Report: Apple, Google showed interest in Palm

Several prominent Silicon Valley companies showed interest in the PDA pioneer, including Apple and Google, before HP turned in the winning bid, says report.

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The bidding for Palm earlier this year apparently attracted interest from some prominent Silicon Valley companies, including some that were reportedly mostly interested in keeping the intellectual property out of the hands of their foes.

HP Slate
HP plans to use Palm's WebOS in tablet-style devices, but what of the Windows 7 slate that HP's Phil McKinney talked about earlier this year? HP won't say. Hewlett-Packard

Hewlett-Packard ultimately turned in the winning bid, agreeing in April to pay $1.2 billion for the PDA pioneer. However, before that was announced, five prominent Silicon Valley companies kicked the tires on the company, including Apple, Google, and Research in Motion, according to a Business Insider report that cites sources familiar with the negotiations.

Interest in Palm's vast library of intellectual property and patents attracted the interest of two fierce rivals: Google and Apple. Apple bid on Palm for the patent portfolio, even though it would mean that the company would have had to support two competing app platforms. Apple reportedly lost out because it didn't bid enough.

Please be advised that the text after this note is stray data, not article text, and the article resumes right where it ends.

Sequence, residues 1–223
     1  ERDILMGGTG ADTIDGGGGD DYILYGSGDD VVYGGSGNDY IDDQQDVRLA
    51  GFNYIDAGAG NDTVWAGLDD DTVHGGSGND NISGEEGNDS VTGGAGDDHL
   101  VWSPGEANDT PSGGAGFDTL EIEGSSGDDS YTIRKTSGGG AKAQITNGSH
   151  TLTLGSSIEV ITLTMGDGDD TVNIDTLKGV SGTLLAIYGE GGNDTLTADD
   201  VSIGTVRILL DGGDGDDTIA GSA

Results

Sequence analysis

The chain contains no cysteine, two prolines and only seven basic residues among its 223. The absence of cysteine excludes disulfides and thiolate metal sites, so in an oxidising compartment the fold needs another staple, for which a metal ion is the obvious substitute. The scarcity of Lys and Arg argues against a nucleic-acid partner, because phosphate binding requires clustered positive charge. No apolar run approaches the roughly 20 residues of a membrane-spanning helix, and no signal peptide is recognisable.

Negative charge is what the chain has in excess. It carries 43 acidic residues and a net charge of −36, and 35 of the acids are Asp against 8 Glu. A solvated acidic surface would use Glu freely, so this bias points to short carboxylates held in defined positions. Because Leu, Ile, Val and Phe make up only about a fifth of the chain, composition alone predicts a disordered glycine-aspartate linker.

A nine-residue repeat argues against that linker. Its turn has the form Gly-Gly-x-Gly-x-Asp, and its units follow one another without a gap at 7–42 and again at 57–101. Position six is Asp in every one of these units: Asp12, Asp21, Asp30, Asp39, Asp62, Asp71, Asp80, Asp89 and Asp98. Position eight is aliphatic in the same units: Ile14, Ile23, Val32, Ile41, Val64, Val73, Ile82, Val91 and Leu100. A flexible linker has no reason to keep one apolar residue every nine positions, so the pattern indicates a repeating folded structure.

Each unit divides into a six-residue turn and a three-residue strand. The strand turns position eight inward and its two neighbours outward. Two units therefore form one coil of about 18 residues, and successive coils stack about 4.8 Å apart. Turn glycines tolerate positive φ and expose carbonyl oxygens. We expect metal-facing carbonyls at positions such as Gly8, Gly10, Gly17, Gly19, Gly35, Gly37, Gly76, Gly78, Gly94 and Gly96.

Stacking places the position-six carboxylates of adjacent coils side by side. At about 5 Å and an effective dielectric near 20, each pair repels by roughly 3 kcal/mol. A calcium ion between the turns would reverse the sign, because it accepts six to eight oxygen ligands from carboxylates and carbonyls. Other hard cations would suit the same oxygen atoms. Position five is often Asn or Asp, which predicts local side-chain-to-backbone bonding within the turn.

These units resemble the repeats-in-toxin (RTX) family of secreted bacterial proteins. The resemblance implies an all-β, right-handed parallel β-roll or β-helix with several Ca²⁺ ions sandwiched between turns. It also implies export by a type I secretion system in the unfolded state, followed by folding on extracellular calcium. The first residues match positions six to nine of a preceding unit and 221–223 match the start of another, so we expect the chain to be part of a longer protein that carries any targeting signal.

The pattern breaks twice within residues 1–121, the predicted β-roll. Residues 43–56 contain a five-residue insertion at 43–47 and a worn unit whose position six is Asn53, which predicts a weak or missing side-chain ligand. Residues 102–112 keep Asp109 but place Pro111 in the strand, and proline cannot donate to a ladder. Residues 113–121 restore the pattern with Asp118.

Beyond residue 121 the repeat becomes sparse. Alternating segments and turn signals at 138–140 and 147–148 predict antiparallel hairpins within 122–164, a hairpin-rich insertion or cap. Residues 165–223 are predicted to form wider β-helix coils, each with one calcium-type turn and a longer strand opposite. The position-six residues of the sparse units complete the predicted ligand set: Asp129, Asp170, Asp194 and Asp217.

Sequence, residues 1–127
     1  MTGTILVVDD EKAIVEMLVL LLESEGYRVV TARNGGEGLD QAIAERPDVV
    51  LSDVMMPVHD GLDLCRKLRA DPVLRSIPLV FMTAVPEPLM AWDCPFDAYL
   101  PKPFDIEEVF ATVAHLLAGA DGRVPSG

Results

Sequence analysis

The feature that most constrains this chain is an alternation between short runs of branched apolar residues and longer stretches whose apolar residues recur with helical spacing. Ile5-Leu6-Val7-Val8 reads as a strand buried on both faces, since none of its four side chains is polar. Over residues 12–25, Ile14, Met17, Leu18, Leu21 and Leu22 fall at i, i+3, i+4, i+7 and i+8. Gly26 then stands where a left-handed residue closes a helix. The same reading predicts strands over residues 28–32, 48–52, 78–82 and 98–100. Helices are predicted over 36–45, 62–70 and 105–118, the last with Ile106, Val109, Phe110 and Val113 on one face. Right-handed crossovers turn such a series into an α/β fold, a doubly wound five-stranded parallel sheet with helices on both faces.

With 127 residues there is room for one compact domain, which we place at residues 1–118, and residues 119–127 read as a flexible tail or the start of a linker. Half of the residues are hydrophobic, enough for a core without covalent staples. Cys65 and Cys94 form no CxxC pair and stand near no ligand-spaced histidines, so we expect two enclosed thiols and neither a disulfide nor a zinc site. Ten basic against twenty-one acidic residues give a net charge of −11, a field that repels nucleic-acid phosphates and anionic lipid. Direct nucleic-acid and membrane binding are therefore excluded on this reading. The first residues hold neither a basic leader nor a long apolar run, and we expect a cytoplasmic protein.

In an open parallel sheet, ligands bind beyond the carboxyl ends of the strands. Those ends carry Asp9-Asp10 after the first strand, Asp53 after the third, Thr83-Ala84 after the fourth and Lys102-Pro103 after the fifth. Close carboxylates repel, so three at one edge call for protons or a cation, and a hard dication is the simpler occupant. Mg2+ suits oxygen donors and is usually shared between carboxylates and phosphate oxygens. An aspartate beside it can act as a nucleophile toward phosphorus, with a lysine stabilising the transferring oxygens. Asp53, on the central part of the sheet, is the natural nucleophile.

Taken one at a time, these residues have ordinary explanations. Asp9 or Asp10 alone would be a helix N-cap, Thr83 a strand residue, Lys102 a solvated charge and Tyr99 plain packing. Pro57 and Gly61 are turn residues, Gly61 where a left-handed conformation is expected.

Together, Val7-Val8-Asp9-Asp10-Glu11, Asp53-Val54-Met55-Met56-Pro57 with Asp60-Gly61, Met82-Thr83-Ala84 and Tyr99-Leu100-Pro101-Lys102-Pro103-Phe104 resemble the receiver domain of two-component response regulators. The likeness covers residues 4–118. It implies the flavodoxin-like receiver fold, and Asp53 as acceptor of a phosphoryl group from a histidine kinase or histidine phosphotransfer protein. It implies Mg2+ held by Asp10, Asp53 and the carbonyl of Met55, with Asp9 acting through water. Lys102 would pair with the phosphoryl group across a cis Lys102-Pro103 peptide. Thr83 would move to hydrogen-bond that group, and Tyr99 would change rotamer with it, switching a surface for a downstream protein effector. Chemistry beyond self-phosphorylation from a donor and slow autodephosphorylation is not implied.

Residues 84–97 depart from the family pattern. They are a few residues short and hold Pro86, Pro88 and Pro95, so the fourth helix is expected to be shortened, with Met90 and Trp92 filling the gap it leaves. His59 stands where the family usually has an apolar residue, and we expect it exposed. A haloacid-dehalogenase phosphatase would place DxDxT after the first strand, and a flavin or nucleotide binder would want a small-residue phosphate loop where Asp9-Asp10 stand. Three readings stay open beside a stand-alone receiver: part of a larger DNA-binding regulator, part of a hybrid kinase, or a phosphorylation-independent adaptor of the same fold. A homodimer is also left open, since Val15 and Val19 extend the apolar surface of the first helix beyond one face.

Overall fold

Subsequently, Google was interested in Palm because it thought Apple might want the intellectual property, Business Insider reported. However, Google reportedly did not pursue a bid because it believed Apple was not bidding.

Perhaps most intriguing is that BlackBerry-maker RIM had the deal for Palm in its hands and "had to work incredibly hard to blow it," a source told Business Insider. RIM was reportedly the frontrunner, but HP came back with a higher bid.

Representatives for Google and Apple did not immediately respond to requests for comment.

Rumors began to fly that Palm was headed for a sale after its most recent, dismal quarterly earnings report showed that the company had yet to gain any real momentum from its Palm Pre and Palm Pixi phones. Palm had hoped that the new hardware, along with its new WebOS mobile operating system, would help turn the company around.

Many saw HP's decision to acquire Palm as a quick way for the PC and enterprise services company to get into the burgeoning mobile device market. However, HP has been quick to point out Palm's appealing IP portfolio and has talked mostly about its plans for WebOS, which so far include a tablet and Web-connected printers.